It is this debate that secularists, both religious and otherwise, are fighting for. The movement doesn't aim to destroy or dismantle religion, but to create a society where no one group is granted special privilege or power. A society which ensures that all beliefs are protected and welcomed equally. But this debate can only be had once you stop using "secularism" as a slur.
Lazy clichés, as a general rule, are best avoided by political hacks and commentators. Yet the likening of the current coalition government to a marriage has been a constant theme for analysts of all creeds in the last two years, and it has never resonated quite as strongly as it did at the end of this parliamentary session.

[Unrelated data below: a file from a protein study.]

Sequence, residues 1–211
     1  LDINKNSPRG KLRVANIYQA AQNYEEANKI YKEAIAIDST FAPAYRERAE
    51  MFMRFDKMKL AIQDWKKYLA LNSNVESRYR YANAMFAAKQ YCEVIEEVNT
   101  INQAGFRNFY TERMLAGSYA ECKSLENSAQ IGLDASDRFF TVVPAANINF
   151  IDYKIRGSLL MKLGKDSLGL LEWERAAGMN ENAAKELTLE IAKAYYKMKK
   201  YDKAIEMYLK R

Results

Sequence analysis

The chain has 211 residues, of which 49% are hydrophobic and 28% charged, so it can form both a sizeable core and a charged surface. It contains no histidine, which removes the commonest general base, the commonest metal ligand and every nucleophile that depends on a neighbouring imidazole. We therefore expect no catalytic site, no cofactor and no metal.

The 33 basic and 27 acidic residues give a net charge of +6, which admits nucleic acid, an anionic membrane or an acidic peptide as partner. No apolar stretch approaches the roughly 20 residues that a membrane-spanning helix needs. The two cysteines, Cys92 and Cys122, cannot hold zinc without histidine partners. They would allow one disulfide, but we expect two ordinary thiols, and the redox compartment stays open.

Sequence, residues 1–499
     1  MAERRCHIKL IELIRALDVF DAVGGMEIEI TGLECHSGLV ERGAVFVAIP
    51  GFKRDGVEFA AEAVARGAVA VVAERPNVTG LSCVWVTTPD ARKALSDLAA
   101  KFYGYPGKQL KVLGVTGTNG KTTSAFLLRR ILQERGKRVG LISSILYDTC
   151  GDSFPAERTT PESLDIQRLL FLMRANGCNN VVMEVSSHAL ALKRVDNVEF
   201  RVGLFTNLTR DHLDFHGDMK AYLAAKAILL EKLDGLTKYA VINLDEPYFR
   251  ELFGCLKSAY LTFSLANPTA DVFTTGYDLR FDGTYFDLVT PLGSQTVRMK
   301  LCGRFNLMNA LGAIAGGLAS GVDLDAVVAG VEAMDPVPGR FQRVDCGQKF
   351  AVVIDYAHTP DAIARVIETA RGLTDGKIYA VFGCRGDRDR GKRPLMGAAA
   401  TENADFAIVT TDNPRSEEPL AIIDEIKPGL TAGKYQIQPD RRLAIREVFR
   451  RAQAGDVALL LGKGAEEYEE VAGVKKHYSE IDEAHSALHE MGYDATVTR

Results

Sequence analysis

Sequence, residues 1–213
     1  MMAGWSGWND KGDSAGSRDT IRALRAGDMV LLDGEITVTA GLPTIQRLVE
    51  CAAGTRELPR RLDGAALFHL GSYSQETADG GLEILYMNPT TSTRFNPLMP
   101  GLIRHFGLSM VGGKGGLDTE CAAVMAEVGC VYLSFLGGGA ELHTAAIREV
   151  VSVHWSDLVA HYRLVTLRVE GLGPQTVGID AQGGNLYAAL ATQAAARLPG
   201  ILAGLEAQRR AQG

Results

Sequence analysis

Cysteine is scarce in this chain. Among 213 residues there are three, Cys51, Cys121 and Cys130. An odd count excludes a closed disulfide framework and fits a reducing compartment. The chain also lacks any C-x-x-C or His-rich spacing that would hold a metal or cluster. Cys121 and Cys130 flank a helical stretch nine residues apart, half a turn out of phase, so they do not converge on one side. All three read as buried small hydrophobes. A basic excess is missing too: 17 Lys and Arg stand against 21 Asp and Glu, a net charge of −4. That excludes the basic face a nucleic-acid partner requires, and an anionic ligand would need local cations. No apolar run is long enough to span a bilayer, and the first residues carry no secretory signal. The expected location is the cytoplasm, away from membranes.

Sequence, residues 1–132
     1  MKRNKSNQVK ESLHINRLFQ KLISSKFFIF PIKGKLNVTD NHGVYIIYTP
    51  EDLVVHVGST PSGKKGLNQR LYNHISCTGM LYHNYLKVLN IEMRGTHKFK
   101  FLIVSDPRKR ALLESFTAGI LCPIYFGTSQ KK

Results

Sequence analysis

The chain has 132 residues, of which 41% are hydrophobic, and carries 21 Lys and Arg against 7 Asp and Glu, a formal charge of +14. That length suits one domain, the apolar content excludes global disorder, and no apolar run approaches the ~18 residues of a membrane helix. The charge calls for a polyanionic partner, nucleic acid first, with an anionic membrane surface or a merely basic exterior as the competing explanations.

Even if people agree on what is wrong in the current arrangement, they never agree on a solution. But that is no argument for accepting, yet again, a status quo which combines a hereditary basis with one of patronage and which results in a chamber which is totally unrepresentative of the population for which it is legislating.